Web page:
Global warming could mean more children are born with potentially deadly heart defects.
Being exposed to unusually high temperatures during pregnancy increases the chance of damage to the internal organs, scientists say.
Research predicts there could be 7,000 extra cases of heart defects between 2025 and 2035 in eight US states with a combined population of approximately 110million people.
Scaled up to the global population, this suggests climate change could contribute to around 40,000 congenital heart defects per year.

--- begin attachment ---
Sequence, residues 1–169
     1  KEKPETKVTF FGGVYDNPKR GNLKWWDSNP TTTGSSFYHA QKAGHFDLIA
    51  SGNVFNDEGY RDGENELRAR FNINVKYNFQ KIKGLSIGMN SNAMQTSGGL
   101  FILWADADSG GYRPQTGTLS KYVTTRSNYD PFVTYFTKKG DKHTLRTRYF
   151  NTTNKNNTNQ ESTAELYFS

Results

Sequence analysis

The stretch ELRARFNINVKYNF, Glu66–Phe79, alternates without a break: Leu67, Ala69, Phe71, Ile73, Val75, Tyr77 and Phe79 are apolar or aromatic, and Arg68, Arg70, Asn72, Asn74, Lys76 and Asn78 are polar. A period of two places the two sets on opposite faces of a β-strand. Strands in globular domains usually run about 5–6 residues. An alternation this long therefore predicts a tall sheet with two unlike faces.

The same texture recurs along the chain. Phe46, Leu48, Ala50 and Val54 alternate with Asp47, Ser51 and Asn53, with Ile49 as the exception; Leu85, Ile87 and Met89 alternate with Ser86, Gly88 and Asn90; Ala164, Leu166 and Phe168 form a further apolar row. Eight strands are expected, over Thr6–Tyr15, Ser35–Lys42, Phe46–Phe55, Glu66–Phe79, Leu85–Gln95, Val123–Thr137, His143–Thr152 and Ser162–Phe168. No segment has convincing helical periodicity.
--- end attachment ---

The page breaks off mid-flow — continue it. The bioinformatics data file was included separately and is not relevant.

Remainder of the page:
Researchers at the University of Albany in New York made their predictions using forecasts of the number of births and heat increases over the 11-year period.
They used data from the US states of Arkansas, Iowa, Texas, California, New York, North Carolina, Utah and Georgia.
They aren’t sure exactly why increased heat makes a baby more likely to have heart problems.
But animal studies suggest exposing a foetus to temperatures outside the mother’s normal experience may trigger cell death or damage proteins used in development.
To make their predictions, the New York scientists considered the number of excessively hot days during a woman’s pregnancy, the frequency of heat waves lasting three days or more, and the length of heat waves.
‘It would be prudent for women in the early weeks of pregnancy to avoid heat extremes, said